Weekly Security Roundup #89: When Hackers Get Hacked
And other news that will make you care about your data’s safety
Not a week goes by without new cyber security threats.
In our latest blog article, my colleage Andra warns about Scylex, a new complex financial security malware that might become a high-threat for financial institutions.
Advertised on a notorious malicious hackers forum, Scylex is a new financial crime kit that strives to be the next Zeus. The creators proudly claim that they developed it from scratch.
It’s currently under monitoring and we’ll keep you updated with any additional information.
Now here are the top 10 most important cyber security news of the past week:
Security articles of the week
1. The NSA hack
In this past week, the spotlight was on the NSA hack.
A group of hackers called “The Shadow Brokers” claimed to have hacked a group linked to the NSA. They dumped a bunch of its hacking tools to prove it and asked for 1 million bitcoin (around $568 million) to release more files.
So you thought putting tape on your laptop’s webcam is an extremely paranoid measure?
You’ll change your mind after reading this article.
Scammer gets tricked by security researcher, ends up infected with ransomware.
Here’s a long article for you to read over the weekend, about the Silk Road bust.
A new threat for healthcare: source code went for sale on the dark web. Forbes article explains why this matters.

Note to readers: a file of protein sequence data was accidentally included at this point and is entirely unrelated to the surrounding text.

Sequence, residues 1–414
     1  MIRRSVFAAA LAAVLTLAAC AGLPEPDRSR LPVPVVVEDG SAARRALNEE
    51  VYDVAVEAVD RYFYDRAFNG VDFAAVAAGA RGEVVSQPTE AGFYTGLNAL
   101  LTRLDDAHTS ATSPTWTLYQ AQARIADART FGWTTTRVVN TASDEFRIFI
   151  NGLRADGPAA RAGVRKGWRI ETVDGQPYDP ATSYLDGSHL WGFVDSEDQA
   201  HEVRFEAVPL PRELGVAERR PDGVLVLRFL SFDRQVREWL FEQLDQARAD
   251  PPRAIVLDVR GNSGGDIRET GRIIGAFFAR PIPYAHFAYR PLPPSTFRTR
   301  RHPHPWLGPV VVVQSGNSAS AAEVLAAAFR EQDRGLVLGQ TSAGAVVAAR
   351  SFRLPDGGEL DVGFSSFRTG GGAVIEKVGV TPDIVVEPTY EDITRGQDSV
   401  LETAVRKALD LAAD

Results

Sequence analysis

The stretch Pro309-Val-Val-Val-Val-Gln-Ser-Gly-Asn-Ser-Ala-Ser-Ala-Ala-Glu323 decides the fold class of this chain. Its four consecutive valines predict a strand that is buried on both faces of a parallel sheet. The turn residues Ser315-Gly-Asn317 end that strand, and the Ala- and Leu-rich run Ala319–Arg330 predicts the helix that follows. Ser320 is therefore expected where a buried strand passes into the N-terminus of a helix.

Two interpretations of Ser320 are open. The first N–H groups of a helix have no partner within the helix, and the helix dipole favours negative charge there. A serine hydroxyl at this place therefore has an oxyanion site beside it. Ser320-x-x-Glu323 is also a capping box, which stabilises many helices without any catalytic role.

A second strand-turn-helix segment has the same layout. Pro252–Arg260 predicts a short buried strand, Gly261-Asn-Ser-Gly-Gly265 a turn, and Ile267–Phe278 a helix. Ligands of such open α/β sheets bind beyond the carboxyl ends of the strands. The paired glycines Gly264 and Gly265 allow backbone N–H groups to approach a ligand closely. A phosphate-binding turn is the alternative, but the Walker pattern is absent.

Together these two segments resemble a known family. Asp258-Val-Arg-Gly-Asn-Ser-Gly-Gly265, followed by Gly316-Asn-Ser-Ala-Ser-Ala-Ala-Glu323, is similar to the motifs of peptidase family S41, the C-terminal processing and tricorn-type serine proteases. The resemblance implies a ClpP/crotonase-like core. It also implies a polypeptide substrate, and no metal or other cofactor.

Hotels belonging to HEI Hotels & Resorts were attacked by hackers who planted credit-card stealing malware on their systems.
HEI Hotels & Resorts includes well-known brands such as Westin, Marriott, Sheraton, Hyatt, Intercontinental.
This one’s a pretty common scam in my country, and it looks like it now reached UK.
It may sound like a parent’s nightmare but it’s just a scam. Here’s how it works: targets receive a text message from someone pretending to be their child, claiming they were hurt, can’t talk over the phone and need a favor.
Whether to make a few bucks or steal your login credentials, fraudsters have plenty of reasons to send you scam SMS messages. With that in mind, users should always err on the side of caution when they receive any message – especially one that is urgent – from a number they don’t know.
As my colleague, Andra Zaharia, was saying: malware comes in many shapes and sizes, but its objective is always the same: to make as much money as possible for the attacker.
Here’s why the 2016 digital landscape is perfect for ransomware.
Some people just don’t care about the possibility of getting hacked. They don’t understand how all that information can be used by cyber criminals.
This article from Sophos shows just how valuable our accounts are.
Cyber threats take multiple forms and are in a continuous evolution.
No matter what new malware will appear next, always keep in mind that your data is like gold. Protect it accordingly.